Significant mandates for the year have included advising Goldman Sachs on the launch of its digital-first retail banking platform, Marcus; ANZ on the Royal Commission investigation into misconduct in the banking, superannuation and financial services industry; Facebook on the establishment of joint ventures with other technology and telecoms giants to build, own and operate several trans-Asia telecoms backbone network; and Port Authority of New York and New Jersey on the US$2.7bn Newark Liberty International Airport Terminal One Redevelopment project.

To read more on Ashurst’s unlikely rebound, see Inflection point (£)

nathalie.tidman@legalease.co.uk

Legal Business

Revolving doors: Ashurst bolsters project finance as Eversheds expands in the Netherlands

Revolving doors: Ashurst bolsters project finance as Eversheds expands in the Netherlands

In a week dominated by European hires, Ashurst and Dentons turned to the City with hires in project finance and data privacy, respectively.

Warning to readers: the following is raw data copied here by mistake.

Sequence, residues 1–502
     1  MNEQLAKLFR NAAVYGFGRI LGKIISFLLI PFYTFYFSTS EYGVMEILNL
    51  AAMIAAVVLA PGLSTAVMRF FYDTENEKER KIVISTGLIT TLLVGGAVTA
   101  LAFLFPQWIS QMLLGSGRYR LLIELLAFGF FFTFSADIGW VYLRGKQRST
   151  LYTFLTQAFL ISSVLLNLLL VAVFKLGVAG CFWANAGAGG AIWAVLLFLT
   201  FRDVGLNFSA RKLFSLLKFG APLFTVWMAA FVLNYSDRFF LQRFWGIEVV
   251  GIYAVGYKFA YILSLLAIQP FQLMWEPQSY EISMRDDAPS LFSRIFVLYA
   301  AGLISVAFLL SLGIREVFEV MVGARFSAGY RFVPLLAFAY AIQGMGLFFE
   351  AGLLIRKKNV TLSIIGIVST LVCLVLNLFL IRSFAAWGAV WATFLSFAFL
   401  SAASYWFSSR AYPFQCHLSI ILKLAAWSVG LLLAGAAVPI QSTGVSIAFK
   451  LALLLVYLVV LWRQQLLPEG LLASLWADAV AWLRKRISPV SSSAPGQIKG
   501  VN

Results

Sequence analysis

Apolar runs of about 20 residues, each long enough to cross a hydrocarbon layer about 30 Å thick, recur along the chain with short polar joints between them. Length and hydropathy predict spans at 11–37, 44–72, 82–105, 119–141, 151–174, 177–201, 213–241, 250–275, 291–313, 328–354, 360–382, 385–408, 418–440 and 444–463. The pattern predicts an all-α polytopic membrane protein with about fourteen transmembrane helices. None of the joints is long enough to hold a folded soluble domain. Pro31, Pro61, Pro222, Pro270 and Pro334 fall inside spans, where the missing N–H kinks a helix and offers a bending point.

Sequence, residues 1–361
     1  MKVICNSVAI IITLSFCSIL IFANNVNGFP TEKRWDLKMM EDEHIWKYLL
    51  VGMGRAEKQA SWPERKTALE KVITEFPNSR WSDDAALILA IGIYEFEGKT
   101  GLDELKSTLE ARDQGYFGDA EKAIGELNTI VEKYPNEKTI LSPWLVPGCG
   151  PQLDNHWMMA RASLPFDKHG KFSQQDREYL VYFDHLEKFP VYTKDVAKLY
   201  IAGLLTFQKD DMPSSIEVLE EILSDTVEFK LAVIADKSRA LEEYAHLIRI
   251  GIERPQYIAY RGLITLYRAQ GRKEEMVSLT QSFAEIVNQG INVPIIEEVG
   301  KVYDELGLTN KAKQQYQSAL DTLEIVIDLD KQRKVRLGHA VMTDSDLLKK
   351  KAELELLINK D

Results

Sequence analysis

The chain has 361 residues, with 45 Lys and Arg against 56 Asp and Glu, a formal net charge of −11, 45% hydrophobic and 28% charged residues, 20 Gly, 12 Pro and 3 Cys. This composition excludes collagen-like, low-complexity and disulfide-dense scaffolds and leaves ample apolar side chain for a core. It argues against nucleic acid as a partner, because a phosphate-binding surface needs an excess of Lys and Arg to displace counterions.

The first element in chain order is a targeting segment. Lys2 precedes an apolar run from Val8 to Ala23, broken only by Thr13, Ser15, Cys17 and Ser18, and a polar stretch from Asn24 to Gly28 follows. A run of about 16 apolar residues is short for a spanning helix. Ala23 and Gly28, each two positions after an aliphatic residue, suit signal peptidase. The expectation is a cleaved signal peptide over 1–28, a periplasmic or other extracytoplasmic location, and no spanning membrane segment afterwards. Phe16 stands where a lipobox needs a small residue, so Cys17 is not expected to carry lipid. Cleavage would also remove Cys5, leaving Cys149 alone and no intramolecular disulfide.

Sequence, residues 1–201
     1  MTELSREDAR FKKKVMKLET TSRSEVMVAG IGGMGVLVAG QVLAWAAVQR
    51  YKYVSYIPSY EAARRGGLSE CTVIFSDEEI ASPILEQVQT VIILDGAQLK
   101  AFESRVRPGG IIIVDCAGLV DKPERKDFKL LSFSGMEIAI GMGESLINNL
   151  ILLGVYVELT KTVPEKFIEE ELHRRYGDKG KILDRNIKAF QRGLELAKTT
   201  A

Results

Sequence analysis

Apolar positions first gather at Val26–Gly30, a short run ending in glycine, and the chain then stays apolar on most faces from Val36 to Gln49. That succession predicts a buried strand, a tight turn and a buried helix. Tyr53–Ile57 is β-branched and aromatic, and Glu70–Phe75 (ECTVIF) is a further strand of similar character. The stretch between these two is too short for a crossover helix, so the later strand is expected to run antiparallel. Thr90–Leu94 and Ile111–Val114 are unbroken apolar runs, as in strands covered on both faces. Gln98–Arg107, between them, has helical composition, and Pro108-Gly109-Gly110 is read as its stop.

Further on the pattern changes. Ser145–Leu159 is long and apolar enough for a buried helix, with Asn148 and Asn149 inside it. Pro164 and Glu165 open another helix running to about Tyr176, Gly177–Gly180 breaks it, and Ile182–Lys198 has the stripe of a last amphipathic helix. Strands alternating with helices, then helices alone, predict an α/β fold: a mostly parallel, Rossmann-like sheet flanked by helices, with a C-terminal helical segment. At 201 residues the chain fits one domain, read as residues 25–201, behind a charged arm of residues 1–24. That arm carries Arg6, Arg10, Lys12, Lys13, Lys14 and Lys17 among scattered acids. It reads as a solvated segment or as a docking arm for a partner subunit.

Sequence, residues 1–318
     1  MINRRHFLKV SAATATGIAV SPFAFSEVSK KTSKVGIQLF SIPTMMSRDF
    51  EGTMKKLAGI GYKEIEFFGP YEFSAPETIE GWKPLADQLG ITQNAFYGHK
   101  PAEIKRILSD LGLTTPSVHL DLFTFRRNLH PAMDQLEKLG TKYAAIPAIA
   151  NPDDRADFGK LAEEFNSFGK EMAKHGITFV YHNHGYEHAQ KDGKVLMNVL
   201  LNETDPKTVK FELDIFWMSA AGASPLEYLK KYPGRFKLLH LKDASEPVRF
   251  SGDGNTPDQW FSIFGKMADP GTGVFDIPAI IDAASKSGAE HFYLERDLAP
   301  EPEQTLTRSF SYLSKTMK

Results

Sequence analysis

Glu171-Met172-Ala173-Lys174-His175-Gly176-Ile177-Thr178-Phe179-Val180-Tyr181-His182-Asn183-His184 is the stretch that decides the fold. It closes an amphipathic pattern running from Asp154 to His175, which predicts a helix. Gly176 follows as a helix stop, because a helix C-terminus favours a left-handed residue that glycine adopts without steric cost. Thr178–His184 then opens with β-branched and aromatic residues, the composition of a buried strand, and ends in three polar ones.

Eversheds Sutherland, CMS and Pinsent Masons, meanwhile, all expanded on the continent, with Eversheds adding three partners.

Ashurst grew its project finance team in London with the appointment of Adrian Lawrence, who joins from White & Case and focuses on project finance, banking, corporate and capital markets transactions, with an emphasis on oil and gas and petrochemical projects.

Co-head of the global projects practice Joss Dare told Legal Business: ‘He’s been working on some of the largest oil and gas project financings in the world and is an important part of our plans to grow our international project finance capability, building on recent hires.’ He added: ‘Geographically, he does work around the world but a lot of his focus will be working with Matt Wood to build out our Africa practice.’

Lawrence commented: ‘Ashurst has an excellent project development and finance team, with extensive experience advising both project sponsors and lenders on landmark transactions throughout Europe, the Middle East, Africa and Asia Pacific.’